• A
  • A
  • A
  • ABC
  • ABC
  • ABC
  • А
  • А
  • А
  • А
  • А
Regular version of the site


Английский перволичный роман-воспоминание ХХ века в свете теории памяти Анри Бергсона

In this article, the development of the English novel is viewed through the prism of Henri
Bergson’s ideas on memory, the past and the present. A turn to the French philosopher’s
system is explained by the necessity to design a historical and poetological model for
the genre of memory novel, which, in the author’s opinion, is very typical of 20th-century
literature in general and of English literature in particular. As the influence of Bergson
on the British literature of the 1900s–1920s is well-studied, the author focuses
on the subsequent period. The article analyses eight novels and a twelve-volume cycle
of novels written between the 1930s and 1990s. The scope of the research is also limited
to first-person novels which the author considers to be more representative for the genre.
He aims to prove that in its evolution, the English first-person memory novel comes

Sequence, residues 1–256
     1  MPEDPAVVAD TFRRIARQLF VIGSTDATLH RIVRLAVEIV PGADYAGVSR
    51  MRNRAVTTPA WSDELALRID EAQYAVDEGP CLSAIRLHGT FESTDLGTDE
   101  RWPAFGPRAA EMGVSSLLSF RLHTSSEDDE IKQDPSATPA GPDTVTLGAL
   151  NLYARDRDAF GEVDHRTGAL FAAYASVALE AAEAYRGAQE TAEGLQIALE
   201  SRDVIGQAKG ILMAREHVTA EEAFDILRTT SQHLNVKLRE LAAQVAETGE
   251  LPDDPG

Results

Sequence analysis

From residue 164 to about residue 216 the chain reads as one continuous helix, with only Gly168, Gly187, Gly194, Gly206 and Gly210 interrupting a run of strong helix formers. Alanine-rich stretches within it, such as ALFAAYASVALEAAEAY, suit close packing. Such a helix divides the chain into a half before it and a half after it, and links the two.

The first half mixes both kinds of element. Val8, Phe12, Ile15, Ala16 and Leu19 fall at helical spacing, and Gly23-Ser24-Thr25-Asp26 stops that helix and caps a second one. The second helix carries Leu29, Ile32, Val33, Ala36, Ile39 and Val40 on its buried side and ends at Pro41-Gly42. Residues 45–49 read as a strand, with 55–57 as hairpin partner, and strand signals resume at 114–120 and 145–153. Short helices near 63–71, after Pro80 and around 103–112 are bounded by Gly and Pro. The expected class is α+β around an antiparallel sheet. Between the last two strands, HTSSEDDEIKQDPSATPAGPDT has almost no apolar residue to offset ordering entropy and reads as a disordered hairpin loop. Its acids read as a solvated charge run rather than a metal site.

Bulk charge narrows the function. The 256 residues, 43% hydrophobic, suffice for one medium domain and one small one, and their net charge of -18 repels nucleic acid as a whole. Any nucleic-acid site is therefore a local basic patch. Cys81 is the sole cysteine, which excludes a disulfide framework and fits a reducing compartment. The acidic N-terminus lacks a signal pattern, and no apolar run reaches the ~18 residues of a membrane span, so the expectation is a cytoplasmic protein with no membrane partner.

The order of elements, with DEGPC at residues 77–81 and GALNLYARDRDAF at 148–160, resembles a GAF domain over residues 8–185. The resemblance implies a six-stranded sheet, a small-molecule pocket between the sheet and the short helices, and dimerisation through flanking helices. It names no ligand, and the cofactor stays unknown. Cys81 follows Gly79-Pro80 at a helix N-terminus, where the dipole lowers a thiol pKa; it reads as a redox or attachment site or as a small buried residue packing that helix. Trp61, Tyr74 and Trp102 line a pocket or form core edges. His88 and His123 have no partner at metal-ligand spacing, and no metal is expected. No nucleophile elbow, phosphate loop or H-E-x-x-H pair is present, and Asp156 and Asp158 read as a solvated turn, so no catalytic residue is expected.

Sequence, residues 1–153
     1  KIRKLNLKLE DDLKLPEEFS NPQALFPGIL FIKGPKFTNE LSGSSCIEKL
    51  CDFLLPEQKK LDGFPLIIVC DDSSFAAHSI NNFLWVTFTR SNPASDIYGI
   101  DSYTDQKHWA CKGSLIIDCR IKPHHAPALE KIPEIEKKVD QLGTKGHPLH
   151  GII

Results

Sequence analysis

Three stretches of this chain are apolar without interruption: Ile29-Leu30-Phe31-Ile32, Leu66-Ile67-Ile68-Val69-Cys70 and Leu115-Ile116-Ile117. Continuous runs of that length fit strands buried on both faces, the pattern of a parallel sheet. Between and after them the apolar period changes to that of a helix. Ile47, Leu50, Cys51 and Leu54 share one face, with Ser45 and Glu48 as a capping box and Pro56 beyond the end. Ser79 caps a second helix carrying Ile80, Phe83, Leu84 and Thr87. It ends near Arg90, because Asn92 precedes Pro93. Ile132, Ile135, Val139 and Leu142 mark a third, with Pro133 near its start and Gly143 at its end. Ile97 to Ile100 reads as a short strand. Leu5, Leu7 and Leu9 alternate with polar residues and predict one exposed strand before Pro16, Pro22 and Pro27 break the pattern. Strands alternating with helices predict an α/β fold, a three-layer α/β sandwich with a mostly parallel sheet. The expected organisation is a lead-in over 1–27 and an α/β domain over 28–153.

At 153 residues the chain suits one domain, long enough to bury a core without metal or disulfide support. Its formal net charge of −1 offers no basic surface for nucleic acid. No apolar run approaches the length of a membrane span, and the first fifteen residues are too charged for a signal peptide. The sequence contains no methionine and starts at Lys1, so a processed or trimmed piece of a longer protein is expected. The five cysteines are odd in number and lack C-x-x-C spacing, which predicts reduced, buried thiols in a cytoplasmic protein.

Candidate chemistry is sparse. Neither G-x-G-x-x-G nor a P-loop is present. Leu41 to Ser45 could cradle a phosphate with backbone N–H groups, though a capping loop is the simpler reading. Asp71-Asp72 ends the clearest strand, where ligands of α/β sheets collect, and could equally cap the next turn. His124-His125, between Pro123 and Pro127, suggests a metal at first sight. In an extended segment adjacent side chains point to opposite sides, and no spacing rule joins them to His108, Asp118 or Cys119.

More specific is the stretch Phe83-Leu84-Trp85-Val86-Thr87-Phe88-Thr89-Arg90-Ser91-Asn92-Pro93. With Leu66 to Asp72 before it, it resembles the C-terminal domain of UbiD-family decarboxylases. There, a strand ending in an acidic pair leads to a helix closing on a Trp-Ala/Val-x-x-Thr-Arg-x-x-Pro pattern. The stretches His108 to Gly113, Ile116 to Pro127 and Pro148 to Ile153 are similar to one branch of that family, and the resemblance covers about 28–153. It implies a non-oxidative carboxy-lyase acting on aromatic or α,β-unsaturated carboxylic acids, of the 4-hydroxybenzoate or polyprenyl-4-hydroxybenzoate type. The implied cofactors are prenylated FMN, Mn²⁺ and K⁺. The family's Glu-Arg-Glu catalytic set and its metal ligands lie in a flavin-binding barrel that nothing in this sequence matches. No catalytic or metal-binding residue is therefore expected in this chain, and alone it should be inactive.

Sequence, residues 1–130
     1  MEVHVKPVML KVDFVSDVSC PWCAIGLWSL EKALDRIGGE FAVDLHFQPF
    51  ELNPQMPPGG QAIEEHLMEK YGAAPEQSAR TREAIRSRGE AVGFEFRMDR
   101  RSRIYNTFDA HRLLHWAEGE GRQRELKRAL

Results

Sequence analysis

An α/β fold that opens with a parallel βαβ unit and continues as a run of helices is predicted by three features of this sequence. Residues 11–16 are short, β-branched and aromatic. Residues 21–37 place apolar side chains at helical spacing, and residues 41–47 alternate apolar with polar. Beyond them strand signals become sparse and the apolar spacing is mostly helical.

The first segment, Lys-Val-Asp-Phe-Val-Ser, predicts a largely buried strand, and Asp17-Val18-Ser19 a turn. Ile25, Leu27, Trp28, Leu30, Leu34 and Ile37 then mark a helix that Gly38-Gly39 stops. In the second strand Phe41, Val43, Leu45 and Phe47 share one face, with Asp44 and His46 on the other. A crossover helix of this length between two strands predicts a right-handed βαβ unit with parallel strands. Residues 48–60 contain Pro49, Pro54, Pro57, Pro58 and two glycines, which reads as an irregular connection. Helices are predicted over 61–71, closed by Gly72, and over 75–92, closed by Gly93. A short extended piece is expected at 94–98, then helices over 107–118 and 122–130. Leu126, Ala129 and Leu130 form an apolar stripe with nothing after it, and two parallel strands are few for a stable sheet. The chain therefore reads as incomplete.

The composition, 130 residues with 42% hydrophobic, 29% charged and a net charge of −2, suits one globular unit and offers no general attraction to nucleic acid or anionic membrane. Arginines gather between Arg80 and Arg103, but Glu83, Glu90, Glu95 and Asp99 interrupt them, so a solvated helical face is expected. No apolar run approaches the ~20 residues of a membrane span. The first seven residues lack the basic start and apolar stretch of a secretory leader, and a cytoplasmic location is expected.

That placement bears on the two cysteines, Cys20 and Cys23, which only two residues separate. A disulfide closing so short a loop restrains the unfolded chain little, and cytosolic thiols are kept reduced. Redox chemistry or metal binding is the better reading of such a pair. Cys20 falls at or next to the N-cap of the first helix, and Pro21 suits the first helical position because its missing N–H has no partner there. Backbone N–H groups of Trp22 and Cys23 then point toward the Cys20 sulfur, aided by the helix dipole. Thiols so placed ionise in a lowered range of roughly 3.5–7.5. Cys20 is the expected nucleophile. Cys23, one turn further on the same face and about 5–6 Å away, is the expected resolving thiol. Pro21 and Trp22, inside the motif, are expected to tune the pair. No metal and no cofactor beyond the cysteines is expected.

closer to Bergson’s ideas of memory being the synthesis of the past and the present
and of progressive movement of memory directed from the past to the present — not
only the other way round. Such understanding of memory and the temporal planes
explains the composition of the novels, the relations between the narrator, character
and narratee, the problems, ideas and style of the authors under investigation. It is
established that it is very characteristic of the memory novels of the 1930s, 1940s, and
1950s (George Orwell, Evelyn Waugh, Anthony Powell) to compositionally separate
the past and the present, giving ontological priority to one of the time planes (but not
to both) and also to strictly distinguish between the narrating and the narrated selves,
giving the leading role to the former. In the novels of the second half (William Golding,
Iris Murdoch) and especially of the end of the century (Kazuo Ishiguro, Graham Swift,
Hilary Mantel), the boundaries between the past, present, and future in terms of plot
and composition become more transparent; the positions of the narrator, character,
and narratee are more relativised; the system of narrative and grammatical tenses is
more heterogeneous.